CROFTS, Ernest

1847 - 1911

Ernest Crofts

Ernest Crofts, was born at Leeds, Yorkshire on 15 September 1847, son of John Crofts, J.P., of Adal, near Leeds, and his wife Ellen née Wordsworth. Ernest studied at Rugby School, then going to Berlin where he developed an interest in art and in a career as a painter. On his return to London, he became a pupil of Alfred Borron Clay (1831-1868), but then returned to Germany, this time to Düsseldorf, then a centre for historical painting, studying under German military artist, Emil Hünten (1827-1902), military and historical painter to the Prussian emperor. In 1874, he exhibited 'Retreat' an episode in the Franco-Prussian War during the Battle of Gravelotte, together with another scene from the same conflict 'One Touch of Nature' for which he won the Crystal Palace prize medal. Both scenes were influenced by the artist's experience of the war, especially the battles of Weissenbourg, Worth, and the siege of Strasbourg. From Dusseldorf he regularly exhibited at the annual Royal Academy exhibitions, including 'Ligny' (1875) and the following year 'The Morning of the Battle of Waterloo', which was shown at the Paris International Exhibition, and in 1877 'Oliver Cromwell at Marston Moor'. Elected an Associate of the Royal Academy on 19 June 1878 and a full academician on 20 July 1896 and his Diploma Work was entitled 'To the Rescue'. Two years later on 29 September 1898, he succeeded Philip Calderon as keeper and trustee of the R.A., which gave him accommodation at Burlington House. Besides his historical scenes, Crofts also painted some contemporary military events and in 1901, King Edward VII commissioned him to paint a picture of the distribution of the war medals following the Boer War and two years later painted a scene of the funeral of Queen Victoria. He married in 1872, Elizabeth Wüsthofen of Düsseldorf, and they had one daughter, also Elizabeth, who was born at Düsseldorf. Crofts lived on The Green, next to Blythburgh Church in Suffolk, a house that he had converted from two old cottages, and died, after car accident near his Blythburgh home, on 19 March 1911, and buried at Kensal Green Cemetery. A sale of his remaining works was held at Christie, Manson & Woods on Monday 18 December 1911. His wife Elizabeth, who died at Crofts Cottage, Priory Road, Blythburgh, Suffolk on 11 February 1941, aged 87, was also an artist.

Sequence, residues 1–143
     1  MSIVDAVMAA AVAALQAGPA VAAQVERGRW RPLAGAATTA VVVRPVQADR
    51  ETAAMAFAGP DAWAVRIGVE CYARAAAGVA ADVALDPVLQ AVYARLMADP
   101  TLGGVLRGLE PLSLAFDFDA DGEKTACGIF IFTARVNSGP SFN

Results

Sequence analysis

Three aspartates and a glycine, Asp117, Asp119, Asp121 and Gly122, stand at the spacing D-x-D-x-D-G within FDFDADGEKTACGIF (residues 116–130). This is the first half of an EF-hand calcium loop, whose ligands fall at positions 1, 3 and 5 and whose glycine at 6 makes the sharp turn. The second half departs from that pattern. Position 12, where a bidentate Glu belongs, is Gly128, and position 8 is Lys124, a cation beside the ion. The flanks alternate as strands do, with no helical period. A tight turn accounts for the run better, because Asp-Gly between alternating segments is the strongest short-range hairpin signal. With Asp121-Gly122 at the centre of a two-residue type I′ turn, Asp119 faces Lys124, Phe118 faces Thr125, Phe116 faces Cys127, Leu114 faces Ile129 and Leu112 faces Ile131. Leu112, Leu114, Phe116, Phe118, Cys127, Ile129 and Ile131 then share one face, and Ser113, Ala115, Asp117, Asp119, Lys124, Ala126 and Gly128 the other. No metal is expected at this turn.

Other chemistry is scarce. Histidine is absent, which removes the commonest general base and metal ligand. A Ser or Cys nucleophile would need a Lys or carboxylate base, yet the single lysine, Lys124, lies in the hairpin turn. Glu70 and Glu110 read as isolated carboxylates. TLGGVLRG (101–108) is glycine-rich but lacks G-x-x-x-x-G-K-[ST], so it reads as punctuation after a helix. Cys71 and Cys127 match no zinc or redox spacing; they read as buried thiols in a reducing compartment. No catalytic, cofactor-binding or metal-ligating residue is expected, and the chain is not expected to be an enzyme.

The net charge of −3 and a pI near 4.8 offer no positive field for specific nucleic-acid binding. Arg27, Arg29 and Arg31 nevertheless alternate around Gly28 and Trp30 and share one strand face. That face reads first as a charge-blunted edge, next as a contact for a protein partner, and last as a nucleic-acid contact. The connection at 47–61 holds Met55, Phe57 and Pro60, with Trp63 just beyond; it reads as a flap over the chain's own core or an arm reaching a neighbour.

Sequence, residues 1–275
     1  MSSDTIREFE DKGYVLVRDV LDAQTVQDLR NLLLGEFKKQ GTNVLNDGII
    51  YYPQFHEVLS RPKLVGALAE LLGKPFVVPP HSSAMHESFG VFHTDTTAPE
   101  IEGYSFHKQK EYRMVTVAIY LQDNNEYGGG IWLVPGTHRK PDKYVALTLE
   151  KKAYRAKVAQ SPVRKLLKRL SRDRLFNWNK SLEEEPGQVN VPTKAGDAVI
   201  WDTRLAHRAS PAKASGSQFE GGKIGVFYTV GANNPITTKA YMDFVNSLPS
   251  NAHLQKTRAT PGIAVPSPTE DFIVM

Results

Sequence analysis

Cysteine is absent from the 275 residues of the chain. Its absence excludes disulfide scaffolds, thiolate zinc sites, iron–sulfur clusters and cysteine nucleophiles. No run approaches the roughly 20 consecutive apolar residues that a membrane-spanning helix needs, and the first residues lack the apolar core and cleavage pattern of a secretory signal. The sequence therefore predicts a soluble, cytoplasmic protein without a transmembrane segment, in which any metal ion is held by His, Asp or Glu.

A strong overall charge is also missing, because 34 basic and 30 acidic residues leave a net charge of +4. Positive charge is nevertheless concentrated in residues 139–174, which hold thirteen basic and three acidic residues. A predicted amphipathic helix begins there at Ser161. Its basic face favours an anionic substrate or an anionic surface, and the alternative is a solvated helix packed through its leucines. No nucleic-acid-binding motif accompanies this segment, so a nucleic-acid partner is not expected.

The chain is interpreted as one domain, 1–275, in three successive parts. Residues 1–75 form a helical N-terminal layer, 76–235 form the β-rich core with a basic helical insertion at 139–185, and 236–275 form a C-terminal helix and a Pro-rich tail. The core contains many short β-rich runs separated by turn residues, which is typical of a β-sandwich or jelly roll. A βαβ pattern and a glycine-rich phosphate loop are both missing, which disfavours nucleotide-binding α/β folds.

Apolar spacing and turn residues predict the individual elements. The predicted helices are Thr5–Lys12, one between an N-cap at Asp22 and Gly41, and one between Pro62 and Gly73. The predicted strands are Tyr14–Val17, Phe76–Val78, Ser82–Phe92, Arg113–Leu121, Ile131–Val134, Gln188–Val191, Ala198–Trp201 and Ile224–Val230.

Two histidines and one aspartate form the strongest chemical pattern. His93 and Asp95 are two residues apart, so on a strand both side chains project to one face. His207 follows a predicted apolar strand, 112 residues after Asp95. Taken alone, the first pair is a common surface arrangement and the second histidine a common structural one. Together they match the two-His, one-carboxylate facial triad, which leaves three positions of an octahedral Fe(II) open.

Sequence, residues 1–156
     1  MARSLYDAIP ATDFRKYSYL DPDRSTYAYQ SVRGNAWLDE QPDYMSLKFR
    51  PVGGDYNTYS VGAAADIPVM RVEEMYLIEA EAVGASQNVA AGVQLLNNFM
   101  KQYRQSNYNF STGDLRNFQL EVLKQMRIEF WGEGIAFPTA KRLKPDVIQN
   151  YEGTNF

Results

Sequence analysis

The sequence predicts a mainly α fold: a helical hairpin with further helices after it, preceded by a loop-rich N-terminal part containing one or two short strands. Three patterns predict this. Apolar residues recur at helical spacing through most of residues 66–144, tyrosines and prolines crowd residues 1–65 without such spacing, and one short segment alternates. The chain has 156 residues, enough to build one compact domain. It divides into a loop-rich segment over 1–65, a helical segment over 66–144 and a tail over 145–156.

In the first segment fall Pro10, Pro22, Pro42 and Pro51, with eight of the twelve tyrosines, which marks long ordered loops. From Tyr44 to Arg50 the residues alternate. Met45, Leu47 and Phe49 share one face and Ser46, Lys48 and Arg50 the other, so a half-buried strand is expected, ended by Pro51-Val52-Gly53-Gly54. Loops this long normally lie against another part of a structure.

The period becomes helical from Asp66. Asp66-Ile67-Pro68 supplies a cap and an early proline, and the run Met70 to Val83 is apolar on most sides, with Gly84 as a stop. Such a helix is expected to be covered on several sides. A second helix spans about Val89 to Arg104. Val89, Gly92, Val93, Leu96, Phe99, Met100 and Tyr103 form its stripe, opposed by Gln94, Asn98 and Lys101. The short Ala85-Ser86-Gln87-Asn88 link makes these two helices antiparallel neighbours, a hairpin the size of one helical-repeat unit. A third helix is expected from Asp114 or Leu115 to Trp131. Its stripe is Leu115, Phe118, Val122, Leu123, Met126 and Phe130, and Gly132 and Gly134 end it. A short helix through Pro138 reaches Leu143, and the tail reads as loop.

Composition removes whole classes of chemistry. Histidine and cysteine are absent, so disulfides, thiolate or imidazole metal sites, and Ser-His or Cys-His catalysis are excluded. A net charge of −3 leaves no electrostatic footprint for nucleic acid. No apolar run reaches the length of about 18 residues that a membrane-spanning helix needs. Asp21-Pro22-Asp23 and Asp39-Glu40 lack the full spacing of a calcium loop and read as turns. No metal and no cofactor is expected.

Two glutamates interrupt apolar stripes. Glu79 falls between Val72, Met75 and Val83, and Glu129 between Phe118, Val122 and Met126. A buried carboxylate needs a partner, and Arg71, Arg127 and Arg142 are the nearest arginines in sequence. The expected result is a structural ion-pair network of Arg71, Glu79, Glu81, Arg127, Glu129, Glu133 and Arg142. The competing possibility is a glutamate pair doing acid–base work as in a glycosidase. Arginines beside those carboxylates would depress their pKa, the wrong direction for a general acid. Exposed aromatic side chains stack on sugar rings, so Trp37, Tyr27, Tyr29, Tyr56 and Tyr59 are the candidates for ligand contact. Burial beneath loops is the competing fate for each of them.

Works by This Artist